Climate literacy remains low on the continent that is suffering disproportionately from the effects of climate change.
In March 2019 tropical Cyclone Idai hit southern Africa, killing more than 1,600 people in Malawi, Mozambique and Zimbabwe and displacing another 3 million. It also caused massive economic destruction in the three countries.
In Zimbabwe, the cyclone was most severe in the eastern districts of Chipinge and Chimanimani where entire communities were washed into the Indian Ocean.
When Lovemore Simango, a local community leader who has been doing groundwork for his bid to become an elected councillor in one of the wards in Chimanimani, finally gained access to some of the worst affected areas, he had a torrid time trying to convince the villagers that the disaster was a result of changing climatic conditions.
This was because most of them had already concluded that the disaster had everything to do with the spirit world. To them, it was linked to the death of Sekuru Ndunge, a revered local traditional medicine man who even boasted of having national presidents among his clients.
Most of them believe that the deaths of such ‘great’ people are preceded by unusual happenings and therefore, to them, Cyclone Idai and Sekuru Ndunge’s death explained each other away.
“It’s a very strong belief here, so it’s hard to sell the climate change narrative,” Simango explained. “It will take time for them to understand that events like this cyclone cannot be explained by simple local superstitions,” Simango added.
Deficit in climate literacy ‘severe’ in Africa
The reaction of this Zimbabwean community to the disaster is not isolated. According to a study by climate scientists at a South African university, most Africans are not literate about the glaring climate crisis.
The research by Dr Nicholas Simpson – a postdoctoral research fellow at the University of Cape Town’s (UCT) African Climate and Development Initiative (ACDI) – and his team revealed that the average national climate change literacy rate in Africa sits at only 37%.
Climate change literacy relates to how people understand the causes of the shift in climatic conditions and its potential in the world. Scientists say that, without this knowledge, people will be less able to adapt to projected adverse economic and environmental impacts.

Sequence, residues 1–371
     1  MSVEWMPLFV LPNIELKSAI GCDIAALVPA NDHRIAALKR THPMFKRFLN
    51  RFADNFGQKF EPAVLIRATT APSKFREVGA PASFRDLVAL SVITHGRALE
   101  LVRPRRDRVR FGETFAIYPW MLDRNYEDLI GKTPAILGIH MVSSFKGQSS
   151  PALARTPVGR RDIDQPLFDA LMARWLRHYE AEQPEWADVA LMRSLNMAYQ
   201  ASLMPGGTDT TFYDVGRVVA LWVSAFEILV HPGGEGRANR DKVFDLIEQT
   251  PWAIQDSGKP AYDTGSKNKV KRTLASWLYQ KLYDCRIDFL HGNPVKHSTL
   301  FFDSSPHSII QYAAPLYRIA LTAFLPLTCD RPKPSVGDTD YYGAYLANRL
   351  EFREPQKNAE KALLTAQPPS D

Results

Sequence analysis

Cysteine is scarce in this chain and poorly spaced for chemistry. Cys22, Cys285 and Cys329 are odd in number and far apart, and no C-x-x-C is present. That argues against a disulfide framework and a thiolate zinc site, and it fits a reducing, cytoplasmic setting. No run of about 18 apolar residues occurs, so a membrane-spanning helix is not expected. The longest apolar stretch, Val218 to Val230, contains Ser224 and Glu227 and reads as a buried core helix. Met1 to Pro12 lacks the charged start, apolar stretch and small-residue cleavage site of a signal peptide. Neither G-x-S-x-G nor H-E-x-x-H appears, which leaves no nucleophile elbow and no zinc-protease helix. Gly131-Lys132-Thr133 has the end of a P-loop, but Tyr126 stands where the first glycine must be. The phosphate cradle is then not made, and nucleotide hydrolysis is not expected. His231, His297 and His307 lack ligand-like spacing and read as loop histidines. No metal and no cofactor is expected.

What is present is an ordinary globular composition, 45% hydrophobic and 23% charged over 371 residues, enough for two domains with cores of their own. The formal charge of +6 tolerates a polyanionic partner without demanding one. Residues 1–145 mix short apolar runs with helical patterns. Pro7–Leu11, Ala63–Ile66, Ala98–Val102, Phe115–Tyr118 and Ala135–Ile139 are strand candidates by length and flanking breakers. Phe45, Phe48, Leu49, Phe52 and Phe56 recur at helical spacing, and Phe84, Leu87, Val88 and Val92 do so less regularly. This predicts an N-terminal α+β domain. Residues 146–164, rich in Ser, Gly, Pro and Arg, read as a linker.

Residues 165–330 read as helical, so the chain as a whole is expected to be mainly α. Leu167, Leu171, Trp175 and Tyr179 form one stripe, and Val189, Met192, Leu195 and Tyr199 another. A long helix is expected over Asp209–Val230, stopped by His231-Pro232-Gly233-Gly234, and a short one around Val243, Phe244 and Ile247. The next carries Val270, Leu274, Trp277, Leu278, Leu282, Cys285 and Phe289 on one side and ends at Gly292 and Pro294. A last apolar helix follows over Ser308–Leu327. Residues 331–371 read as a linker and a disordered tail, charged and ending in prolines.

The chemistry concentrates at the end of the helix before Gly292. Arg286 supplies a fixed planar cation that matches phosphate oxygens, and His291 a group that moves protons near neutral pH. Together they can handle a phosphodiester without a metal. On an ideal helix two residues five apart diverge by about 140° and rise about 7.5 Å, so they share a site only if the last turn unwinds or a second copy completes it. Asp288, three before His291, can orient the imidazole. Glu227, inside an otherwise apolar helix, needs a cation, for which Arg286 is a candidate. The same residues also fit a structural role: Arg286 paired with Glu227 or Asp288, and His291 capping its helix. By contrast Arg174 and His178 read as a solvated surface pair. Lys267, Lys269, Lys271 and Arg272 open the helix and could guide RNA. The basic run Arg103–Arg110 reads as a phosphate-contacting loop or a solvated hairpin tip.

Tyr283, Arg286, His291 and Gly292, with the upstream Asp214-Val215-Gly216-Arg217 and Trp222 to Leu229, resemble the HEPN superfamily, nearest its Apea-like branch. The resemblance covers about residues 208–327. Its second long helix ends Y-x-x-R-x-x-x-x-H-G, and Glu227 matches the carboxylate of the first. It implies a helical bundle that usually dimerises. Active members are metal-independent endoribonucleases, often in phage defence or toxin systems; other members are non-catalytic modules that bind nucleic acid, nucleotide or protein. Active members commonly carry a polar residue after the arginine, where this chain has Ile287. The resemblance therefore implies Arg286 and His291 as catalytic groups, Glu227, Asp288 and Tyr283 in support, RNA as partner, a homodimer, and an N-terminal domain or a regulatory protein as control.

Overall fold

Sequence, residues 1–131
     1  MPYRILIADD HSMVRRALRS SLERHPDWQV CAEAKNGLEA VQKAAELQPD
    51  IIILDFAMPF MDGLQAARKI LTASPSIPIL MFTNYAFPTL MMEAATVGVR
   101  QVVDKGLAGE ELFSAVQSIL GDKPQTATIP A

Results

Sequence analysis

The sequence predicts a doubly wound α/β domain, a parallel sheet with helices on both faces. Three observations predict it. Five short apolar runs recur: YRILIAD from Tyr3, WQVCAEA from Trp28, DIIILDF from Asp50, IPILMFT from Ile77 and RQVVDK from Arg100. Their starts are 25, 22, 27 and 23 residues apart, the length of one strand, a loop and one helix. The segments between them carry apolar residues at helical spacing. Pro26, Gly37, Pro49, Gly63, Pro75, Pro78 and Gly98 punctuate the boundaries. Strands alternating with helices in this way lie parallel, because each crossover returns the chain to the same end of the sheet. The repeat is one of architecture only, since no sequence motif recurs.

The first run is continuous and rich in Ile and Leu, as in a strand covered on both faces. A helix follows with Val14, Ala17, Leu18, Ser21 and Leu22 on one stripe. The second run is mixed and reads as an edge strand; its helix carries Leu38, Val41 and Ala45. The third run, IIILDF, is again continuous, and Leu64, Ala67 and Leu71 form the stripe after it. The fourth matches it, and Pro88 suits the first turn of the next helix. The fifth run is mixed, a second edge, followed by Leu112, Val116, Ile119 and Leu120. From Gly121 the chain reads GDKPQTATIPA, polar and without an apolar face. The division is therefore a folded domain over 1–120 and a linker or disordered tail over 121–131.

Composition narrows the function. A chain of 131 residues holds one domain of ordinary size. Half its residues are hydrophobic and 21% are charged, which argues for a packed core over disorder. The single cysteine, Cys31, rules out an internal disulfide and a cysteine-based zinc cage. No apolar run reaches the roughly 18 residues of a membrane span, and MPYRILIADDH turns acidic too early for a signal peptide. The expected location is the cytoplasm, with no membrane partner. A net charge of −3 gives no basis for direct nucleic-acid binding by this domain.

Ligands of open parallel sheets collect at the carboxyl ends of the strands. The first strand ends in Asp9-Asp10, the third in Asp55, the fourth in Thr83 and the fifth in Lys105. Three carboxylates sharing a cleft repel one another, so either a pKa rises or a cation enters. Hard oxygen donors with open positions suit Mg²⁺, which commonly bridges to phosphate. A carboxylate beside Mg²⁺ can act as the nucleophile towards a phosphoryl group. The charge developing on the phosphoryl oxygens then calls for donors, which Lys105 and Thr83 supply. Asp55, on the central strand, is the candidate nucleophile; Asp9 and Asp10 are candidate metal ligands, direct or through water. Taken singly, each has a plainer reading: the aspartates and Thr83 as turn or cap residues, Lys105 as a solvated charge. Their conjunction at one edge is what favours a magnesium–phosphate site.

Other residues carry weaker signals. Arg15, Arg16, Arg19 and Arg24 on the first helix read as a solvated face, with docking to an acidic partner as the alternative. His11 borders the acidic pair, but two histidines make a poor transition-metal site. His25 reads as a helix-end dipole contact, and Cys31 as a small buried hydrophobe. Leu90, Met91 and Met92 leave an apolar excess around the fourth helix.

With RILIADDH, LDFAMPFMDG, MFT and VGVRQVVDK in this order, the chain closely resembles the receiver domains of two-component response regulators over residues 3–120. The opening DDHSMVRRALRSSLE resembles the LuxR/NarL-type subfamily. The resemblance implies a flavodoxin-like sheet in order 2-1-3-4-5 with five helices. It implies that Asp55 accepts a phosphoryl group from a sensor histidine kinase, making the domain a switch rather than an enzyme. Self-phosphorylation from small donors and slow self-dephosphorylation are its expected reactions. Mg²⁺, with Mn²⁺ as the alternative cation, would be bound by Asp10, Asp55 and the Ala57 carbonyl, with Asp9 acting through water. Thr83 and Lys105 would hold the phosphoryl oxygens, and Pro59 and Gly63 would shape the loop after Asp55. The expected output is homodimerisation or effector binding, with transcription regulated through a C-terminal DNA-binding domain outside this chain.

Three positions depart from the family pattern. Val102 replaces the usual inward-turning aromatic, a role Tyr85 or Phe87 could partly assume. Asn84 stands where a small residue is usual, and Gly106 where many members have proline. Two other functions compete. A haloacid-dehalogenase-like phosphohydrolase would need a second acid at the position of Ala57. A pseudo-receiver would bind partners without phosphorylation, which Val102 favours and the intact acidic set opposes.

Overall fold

“Across Europe and North America, climate change literacy rates are generally more than 80%. Our findings highlight a severe deficit for Africa,” Simpson points out.
Without this knowledge, people will be less able to adapt to projected adverse economic and environmental impacts.
“Analysis of Africa’s largest representative public opinion survey shows climate change literacy ranges from 23 to 66% of the population across 33 countries, with larger variation at subnational scales (for example, 5–71% among states in Nigeria),” reads the abstract of the research, which was on a 2018 survey by Afrobarometer, a pan-African research think-tank.
The results for each country differ widely. Mauritius, for example, was found to have a climate change literacy rate of 66%, while Uganda had 62%, but for Mozambique and Tunisia the levels were as low as 25% and 23% respectively.
In comes the Loss and Damage Fund
The 27th session of the United Nations Climate Change Conference of the Parties (COP27) held in Egypt in November 2022 reached a breakthrough agreement on a Loss and Damage Fund for vulnerable countries, something that both African governments and climate justice activists were united on in the run up to meeting.
Africa is the lowest contributor of global carbon emissions, yet suffers disproportionately from the effects of climate change, making it an ideal target for this fund.
Although there is no commonly agreed definition, loss and damage generally refers to the negative and often irreversible effects of anthropogenic climate change.